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Many people are affected by difficult events every year, but it can take a long time to get the right help. This article explains what post-traumatic stress disorder (PTSD) is and how it can be treated.

What is trauma and PTSD?

Trauma is an experience that is so shocking and painful that you find it difficult to cope with the emotions and stress caused by the event. These are frightening situations where there may have been threats to life such as accidents, natural disasters, sexual abuse, violence or war. But it can also be milder events such as redundancy or expected death.

Post-traumatic stress disorder (PTSD) is the condition that can develop after experiencing trauma, but not everyone develops PTSD. The diagnosis includes flashbacks, increased vigilance and avoidance of things that remind you of the trauma.

In Sweden, about 6% of the population suffers from PTSD, with many going untreated for a long time. Trauma and PTSD can affect anyone regardless of age, gender or background and help is available.

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How does untreated PTSD affect you?

If you have untreated PTSD for a long time, you can develop more problems such as depression, anxiety, fatigue, addiction, cardiovascular disease, stroke, diabetes and gastrointestinal diseases. Half of those with addiction problems have underlying PTSD. Trauma reactions can also lead to suicide.

It is also common for underlying PTSD to be missed in health care and it takes about 10-12 years from the time of trauma to get the right diagnosis. This can be difficult for professionals in primary care, and if a referral to psychiatry is made, waiting times can be long.

Many people also avoid seeking help because they are afraid of the emotions involved in talking about the memory, but talking about the emotions is better than having secondary problems and reduced quality of life. It is important to get help if you have been affected and at Lavendla we have psychologists with experience in treating PTSD.


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Symptoms of trauma and PTSD

If you are involved in a difficult event, you usually first suffer an acute stress reaction. This involves an initial shock reaction with strong feelings of unreality that last for up to three days. Then you usually enter a phase where you have symptoms similar to PTSD with feelings of unreality, difficulty concentrating, sleep problems, difficulties with routines and various physical symptoms such as heart palpitations. This phase can last up to four weeks, and often the symptoms resolve themselves, but if they don’t, you may have developed post-traumatic stress and may need more help. The symptoms of PTSD are:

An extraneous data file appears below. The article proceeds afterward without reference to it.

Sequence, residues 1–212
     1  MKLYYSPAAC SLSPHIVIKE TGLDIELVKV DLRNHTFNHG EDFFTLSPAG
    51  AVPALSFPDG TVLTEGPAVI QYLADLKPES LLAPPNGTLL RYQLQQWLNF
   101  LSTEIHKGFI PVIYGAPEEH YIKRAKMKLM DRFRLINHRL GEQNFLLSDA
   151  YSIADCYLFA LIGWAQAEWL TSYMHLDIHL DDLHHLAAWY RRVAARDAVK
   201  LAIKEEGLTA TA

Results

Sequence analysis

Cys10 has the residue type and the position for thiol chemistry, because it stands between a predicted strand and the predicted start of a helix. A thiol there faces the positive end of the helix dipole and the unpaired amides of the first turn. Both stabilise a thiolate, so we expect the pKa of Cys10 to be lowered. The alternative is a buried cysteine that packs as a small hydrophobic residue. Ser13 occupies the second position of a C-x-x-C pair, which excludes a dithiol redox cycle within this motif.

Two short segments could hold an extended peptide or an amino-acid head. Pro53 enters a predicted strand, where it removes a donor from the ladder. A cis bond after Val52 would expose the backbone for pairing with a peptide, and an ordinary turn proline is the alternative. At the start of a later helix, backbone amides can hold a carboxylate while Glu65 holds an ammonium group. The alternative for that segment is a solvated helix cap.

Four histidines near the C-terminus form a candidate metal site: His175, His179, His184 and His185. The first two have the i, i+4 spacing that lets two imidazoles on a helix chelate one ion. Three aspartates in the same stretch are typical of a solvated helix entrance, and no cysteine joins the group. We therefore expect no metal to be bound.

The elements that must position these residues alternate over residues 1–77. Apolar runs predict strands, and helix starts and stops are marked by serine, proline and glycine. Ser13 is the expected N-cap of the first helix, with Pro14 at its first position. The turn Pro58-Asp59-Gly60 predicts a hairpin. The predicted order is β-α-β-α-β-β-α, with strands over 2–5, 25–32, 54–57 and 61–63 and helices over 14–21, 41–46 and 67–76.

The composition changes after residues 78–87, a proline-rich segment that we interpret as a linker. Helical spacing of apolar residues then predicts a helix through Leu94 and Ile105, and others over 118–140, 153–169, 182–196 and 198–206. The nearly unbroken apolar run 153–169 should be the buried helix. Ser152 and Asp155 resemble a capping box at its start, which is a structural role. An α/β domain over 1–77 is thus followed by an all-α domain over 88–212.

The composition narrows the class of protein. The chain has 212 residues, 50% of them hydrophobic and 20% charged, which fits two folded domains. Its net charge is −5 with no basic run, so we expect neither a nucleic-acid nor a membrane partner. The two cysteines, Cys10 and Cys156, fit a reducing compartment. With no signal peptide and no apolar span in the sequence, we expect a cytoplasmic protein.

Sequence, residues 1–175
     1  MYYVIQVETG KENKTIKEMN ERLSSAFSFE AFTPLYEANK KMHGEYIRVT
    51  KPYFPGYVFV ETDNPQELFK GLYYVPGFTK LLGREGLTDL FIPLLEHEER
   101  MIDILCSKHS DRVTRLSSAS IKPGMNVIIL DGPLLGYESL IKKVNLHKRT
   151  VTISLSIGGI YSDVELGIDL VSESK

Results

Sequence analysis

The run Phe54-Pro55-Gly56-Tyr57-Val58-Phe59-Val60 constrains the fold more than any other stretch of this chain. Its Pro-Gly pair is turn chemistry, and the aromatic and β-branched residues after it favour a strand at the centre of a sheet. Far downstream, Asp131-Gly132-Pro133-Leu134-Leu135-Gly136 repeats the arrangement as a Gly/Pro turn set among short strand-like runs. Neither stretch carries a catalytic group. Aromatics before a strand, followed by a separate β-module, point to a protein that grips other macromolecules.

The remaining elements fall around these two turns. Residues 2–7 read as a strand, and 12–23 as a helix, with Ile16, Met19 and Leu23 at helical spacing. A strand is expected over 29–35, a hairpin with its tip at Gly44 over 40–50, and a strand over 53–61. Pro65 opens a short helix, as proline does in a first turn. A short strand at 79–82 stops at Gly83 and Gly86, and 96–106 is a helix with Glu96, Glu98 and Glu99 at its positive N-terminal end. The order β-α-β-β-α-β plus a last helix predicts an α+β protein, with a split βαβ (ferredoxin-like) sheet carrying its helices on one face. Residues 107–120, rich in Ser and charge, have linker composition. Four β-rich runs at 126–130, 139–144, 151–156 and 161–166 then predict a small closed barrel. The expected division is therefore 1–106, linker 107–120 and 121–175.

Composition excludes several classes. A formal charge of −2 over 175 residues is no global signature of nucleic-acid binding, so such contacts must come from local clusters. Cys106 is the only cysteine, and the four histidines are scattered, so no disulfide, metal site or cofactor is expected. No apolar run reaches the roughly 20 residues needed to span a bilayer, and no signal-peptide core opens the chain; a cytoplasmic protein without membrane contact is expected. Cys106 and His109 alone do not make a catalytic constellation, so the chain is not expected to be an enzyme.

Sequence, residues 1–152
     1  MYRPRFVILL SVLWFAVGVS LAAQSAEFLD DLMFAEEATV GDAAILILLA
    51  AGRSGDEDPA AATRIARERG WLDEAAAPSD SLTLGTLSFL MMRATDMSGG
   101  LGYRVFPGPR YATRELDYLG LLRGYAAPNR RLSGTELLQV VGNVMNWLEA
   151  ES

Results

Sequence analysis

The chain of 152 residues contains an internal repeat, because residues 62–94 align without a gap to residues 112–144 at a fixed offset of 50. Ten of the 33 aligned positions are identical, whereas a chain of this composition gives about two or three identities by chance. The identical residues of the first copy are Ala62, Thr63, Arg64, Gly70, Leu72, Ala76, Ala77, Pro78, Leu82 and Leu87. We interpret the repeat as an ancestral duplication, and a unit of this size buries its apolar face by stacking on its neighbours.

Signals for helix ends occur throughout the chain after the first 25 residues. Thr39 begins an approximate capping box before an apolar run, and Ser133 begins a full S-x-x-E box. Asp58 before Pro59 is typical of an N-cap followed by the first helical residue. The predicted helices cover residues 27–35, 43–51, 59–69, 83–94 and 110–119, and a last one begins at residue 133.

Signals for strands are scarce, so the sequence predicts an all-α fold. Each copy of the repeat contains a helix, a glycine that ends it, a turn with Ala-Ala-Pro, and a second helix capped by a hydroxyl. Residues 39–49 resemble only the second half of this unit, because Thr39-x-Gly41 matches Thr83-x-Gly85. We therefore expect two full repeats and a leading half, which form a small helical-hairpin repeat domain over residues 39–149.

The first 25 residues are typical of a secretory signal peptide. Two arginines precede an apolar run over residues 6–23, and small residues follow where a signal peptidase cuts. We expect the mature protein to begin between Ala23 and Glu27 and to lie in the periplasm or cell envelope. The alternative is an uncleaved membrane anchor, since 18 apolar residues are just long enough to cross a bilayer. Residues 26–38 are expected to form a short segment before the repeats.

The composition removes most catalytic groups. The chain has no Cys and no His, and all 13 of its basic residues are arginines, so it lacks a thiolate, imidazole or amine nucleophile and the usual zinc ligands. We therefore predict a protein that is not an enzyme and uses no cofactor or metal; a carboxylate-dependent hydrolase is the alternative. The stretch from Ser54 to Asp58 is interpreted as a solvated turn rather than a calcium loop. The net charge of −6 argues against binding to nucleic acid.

• Re-experiencing the trauma through nightmares or flashbacks.
  • avoidance of feelings, places and situations that remind you of the trauma
  • Impact on thoughts and feelings with numbness, difficulty remembering things, negative feelings such as guilt, shame and anger, as well as impact on self-image and negative thoughts about the outside world
  • Overexcitement where there is increased activity in the nervous system which can lead to insomnia, irritation and difficulty concentrating.

How you react to trauma is also individual and depends on your history and the support you have in life. How you solve problems, whether you have good self-confidence and trust, and whether you have experienced previous trauma. Women are also twice as likely as men to develop PTSD. It is important to get an individual assessment.

Untreated PTSD in children

Children can react differently to trauma than adults and it can be more difficult to detect because children do not have as developed language and cognitive abilities as adults. They may show similar symptoms of anxiety, fear, (unexplained) crying and anger, sleep problems with nightmares but also wetting the bed. They may become clingy, have difficulty being alone and act younger than they are. If the child is older, they may understand more of what is happening, but the problems may still show up at school, so it is also important to include them in the treatment plan.